One of the nicest things about getting a writing career off the ground is the point where someone asks if you can contribute something to a project. There’s a warm fuzzy glow when this happens, and it’s almost impossible to resist, because however little time you have, it feels like a privilege to be asked. This is especially the case when the brief is as exciting as a project as The Lowest Heaven, a solar-system themed anthology which was published by Jurassic last summer.
By the time I came on board, most of the major planets had been snapped up, and my choices came down to Ceres and the Oort Cloud. Whilst the Oort Cloud got kudos for being generally weird and cool (with some wonderful theories expounded on Wikipedia and elsewhere), I wasn’t sure I could do it justice in the short time I had to write the story.
After some research into Ceres, though, there were a couple of things on the table that caught my attention:
- In mythology, Ceres is the goddess of agriculture, fertility and maternal relationships.
- Despite its lowly dwarf planet/large asteroid status, Ceres occupies a rather strategic point in the solar system, and has an icy mantle, the possibility of water below and the potential for mining.
Taking the motherly relationships angle, my original idea was to write something around an astronaut/explorer mother and her relationship with her daughter. The brief for the anthology was to take inspiration from the planets, rather than to locate the stories geographically within the solar system, but I was intrigued by the concept of the lengthy time and distances that would be involved in early space travel, and how that might impact on familial relationships. Initially I had the daughter character pegged at a child or teenage age, and thought the focus of the story would be on growing up with a mostly absent parent.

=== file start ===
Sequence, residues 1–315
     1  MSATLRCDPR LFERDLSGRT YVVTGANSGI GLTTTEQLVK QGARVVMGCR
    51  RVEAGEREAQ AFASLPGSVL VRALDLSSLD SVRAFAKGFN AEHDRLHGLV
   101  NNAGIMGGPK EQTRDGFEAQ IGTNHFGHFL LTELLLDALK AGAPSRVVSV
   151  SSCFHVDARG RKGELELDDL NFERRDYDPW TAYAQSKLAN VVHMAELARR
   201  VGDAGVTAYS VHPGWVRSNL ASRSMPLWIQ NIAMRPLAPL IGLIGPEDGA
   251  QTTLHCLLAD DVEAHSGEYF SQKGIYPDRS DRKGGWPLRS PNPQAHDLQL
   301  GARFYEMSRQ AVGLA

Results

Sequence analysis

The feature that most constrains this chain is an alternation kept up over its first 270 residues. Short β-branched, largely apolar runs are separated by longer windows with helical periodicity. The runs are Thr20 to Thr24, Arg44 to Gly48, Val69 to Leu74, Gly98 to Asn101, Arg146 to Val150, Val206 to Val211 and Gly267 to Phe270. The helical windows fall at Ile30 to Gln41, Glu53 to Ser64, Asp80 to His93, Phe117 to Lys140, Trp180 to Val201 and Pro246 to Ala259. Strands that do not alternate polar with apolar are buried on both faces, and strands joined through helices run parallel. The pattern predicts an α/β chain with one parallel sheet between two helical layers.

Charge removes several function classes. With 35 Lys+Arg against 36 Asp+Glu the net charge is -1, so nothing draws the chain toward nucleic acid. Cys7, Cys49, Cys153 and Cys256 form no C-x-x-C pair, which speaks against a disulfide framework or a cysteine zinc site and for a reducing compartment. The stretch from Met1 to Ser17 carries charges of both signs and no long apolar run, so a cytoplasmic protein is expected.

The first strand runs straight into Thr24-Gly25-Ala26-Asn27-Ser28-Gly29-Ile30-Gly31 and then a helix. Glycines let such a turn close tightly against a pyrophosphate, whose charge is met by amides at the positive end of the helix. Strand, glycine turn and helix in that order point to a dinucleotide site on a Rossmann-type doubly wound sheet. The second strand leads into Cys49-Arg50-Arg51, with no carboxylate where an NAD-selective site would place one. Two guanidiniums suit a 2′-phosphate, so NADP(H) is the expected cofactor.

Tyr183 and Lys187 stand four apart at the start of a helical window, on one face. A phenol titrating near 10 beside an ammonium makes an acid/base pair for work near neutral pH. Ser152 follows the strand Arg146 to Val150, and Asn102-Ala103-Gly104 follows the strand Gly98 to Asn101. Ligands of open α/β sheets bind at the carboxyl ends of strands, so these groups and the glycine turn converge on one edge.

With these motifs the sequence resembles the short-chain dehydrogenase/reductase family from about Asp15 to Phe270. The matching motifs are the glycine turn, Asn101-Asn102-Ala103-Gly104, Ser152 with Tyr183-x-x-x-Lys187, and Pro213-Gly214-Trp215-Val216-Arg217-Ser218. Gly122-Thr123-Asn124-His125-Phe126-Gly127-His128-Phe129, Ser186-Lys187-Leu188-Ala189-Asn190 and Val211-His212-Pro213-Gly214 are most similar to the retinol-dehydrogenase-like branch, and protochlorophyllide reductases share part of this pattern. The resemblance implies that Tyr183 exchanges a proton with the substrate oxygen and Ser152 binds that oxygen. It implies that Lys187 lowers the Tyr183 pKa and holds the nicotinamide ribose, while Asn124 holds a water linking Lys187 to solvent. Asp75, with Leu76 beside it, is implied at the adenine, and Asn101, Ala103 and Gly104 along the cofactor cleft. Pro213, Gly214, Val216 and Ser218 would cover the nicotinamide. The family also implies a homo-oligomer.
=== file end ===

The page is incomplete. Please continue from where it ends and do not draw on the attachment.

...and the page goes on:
Then I stumbled across a story by the author Joe Dunthorne which was written in the first person plural, and something sparked in my head. I’ve always been a huge fan of Jeffrey Eugenides’s The Virgin Suicides, a creepily atmospheric novel which sustains a first person plural voice throughout. But I’d never come across it used anywhere else, until now. What if I could try a collective voice with this?
After I’d pinned down the voice, the scope of the story broadened and suddenly I was writing something from the perspective of three adults looking back on their lives. For once, the title to the story was easy.
'Saga's Children' is available to read for free on Pornokitsch and an audio version is available in this episode of Starship Sofa.
E. J. Swift is the author of Osiris and Cataveiro, the first two volumes in The Osiris Project trilogy. Her short fiction has been published in Interzone magazine, and appears in anthologies including The Best British Fiction 2013 and Pandemonium: The Lowest Heaven. She is shortlisted for a 2013 BSFA Award in the short fiction category for her story Saga’s Children.